Similarly, he often speaks of the great mentors, friends, and supporters that he has had through his life; not everyone goes to a university where the professors have such extensive connections to facilitate their student's careers. He never says to expect something for nothing, but does imply that anything you want to achieve is possible if only you work hard enough at it.

Advice like this sometimes crosses the line into sappiness and glurge. Fortunately these moments are fairly rare, and as long as you don't read the book in a single sitting which is quite possible then you probably won't feel too overwhelmed. Interestingly, shortly after I watched the last lecture on YouTube a student of mine asked me a similar question to the topic of the last lecture.

What do I consider my most important lesson in life so far? It is quite a difficult question to answer. I'm sure that I don't have the life experience to give a good enough answer, but it's quite possible that this student was bright enough to recognize that and learn something from the incompleteness of my relatively uninformed response. I hope that someday I can have the kind of perspective that Randy shows in the lecture and the book. We need people like Randy, who have a clear picture of what they have learned in life and who are willing to share it.

Regardless of whether you or I agree completely with his advice, what shines through is that this was a man who lived his life according to principles that he believed in, and that he thought others would benefit from hearing.

His life, lecture, book, and his death remind me of a quote from Dr. Howard Thurman: Ask yourself what makes you come alive and then go do that. Even as he lived the last few months of his life, I know that Randy was truly alive.

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View all 13 comments. My review of this book will not be popular, but I must be honest. I'm halfway through this book, and although I appreciate a positive voice, it's really not that interesting or helpful. If I could sum up this book in three words, they would be "yay for me". The author tells us how great his childhood was, then that he accomplished all his childhood dreams, got the girl of his dreams It's really not a book how to better your own life, as much as it him telling us how great his life My review of this book will not be popular, but I must be honest.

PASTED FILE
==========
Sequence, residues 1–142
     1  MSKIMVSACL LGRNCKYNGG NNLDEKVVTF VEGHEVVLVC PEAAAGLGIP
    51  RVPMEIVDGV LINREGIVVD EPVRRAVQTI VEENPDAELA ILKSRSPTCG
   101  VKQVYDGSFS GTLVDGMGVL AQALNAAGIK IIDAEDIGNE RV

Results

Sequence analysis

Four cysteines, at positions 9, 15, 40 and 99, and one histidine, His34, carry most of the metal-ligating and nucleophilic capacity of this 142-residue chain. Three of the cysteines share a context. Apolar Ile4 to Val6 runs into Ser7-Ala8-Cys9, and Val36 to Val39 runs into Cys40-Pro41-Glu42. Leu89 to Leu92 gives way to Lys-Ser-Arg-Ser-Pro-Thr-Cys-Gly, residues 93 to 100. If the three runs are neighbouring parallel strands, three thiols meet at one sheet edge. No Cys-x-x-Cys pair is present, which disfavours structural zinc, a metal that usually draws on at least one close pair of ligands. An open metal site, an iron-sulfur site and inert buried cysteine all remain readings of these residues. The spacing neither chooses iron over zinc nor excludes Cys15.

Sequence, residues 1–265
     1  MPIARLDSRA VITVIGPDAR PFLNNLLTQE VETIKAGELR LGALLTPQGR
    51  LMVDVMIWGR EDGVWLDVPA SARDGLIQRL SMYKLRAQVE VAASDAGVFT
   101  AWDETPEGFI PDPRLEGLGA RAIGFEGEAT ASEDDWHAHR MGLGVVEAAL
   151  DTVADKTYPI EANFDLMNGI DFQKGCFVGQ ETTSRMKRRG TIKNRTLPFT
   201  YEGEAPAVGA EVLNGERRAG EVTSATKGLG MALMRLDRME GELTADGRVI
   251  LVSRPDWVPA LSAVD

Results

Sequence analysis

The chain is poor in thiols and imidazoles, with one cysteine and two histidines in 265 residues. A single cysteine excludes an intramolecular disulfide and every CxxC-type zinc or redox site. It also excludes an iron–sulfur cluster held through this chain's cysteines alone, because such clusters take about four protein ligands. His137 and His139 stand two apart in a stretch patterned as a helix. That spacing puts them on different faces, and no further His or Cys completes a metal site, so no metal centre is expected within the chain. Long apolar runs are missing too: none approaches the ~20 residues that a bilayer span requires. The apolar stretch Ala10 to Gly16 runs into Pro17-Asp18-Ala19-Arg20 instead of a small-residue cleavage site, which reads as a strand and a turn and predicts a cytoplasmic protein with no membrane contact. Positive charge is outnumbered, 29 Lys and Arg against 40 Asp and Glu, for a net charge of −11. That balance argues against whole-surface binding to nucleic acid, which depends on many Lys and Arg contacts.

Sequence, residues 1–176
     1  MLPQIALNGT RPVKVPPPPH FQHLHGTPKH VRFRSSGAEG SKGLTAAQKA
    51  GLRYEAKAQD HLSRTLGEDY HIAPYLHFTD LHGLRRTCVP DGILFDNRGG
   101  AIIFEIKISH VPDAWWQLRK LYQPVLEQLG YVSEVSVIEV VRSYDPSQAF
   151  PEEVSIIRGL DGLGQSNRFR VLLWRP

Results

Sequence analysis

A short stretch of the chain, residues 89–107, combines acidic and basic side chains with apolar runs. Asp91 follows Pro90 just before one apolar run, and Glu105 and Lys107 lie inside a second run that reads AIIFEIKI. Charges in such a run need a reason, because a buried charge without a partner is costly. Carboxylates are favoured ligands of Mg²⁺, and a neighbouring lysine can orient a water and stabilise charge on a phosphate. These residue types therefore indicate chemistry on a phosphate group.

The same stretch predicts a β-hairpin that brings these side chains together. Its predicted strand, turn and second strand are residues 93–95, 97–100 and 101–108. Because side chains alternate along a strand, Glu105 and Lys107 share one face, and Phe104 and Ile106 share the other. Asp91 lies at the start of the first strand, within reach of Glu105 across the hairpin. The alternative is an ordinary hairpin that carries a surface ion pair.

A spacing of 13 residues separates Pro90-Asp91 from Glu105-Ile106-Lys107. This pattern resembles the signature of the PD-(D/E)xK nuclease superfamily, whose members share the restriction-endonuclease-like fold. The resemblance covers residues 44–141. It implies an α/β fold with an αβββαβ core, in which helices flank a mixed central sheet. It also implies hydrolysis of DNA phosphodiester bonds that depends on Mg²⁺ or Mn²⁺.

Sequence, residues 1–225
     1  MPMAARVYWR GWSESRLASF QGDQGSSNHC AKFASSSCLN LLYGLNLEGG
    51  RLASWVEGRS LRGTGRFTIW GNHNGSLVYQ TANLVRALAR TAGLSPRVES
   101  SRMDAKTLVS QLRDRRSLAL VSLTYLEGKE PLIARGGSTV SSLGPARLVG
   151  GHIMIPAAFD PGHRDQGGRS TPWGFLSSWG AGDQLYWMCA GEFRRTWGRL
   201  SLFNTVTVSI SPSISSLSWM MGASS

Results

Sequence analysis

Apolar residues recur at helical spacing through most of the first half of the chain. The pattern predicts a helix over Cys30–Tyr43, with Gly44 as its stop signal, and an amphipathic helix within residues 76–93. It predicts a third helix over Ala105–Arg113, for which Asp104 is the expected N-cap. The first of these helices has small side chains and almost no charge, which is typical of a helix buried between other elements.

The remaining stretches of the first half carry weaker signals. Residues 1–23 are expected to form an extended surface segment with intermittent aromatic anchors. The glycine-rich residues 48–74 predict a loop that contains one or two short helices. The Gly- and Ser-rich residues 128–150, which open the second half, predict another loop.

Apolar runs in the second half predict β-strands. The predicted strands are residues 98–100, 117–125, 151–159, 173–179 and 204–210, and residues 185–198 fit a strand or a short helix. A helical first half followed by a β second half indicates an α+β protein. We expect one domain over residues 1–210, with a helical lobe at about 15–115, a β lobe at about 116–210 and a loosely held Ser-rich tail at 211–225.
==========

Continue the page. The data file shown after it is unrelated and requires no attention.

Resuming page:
It's really not a book how to better your own life, as much as it him telling us how great his life has been. Yes I realize it was born from a lecture, but maybe every life, achievement, and event in this world doesn't necessarily need a book to be made about them. Having said all negative stuff, Mr. Pausch sounds like a good guy. View all 79 comments. View all 6 comments. Recommended to Books Ring Mah Bell by: The whole world. While this man has a 5-star attitude, I can only give the book two.

Five star attitude He refers to this as "an engineering problem" understated and true has months to live, tops. Has 3 small children ages 6 and under who will never know him. I applaud the great attitude he takes to enjoy the time he has left and focus on what matters. But is this earth shattering? Is any of this a surprise? View all 71 comments. Jan 18, William T. No doubt Randy Pausch was a nice guy. But this book is smarmy, self-indulgent crap--which is ok given the circumstances under which he gave this lecture.

But it is not worth reading. This is typical 's individualistic, unreflective advise on how to succeed in life. Alas, Professor Pausch does not realize that he was born white, male, middle income, in exactly the time in the 20th century where he could avoid confronting WWI, WWII, the depression, Korea, Vietnam, urban riots of the 's, the No doubt Randy Pausch was a nice guy.

Alas, Professor Pausch does not realize that he was born white, male, middle income, in exactly the time in the 20th century where he could avoid confronting WWI, WWII, the depression, Korea, Vietnam, urban riots of the 's, the civil right movement,and the women's movement because he was too young.

And he got to miss all of the problems of Bush 1 and Bush 2 in the middle east because he was too old and affluent. So he has the privilege and lack of social awareness to totally ignore the entire social context that provided and constructed his wonderful, if unfortunately short, life.

The Last Lecture by Randy Pausch (ebook)

Thus he leaves out the advise that was most important to his success. Have the pre-natel intelligence to be born male at the right time, in the right place, to parents who are racially privileged citizens of a superpower in ascendance during a brief window of peace at a time of expanding educational opportunity for middle-income working people in an expanding economy.

Then these individualistic platitudes, if you are also very, very fortunate, may possibly help--but then again, they may not.

Nice guy, sweet sentiment, save your money. View all 8 comments. Jan 20, Lola rated it it was amazing Shelves: This is a father's love letter to his family.

It is beyond beautiful. View 2 comments. The Last Lecture is Randy Pausch's last hurrah- a final note to the world and his family about how to live, love and let go. It is beautiful. I think that we're all here for a reason and have stories to tell. How fortunate for us all that Randy had the time and ability to tell his particular story.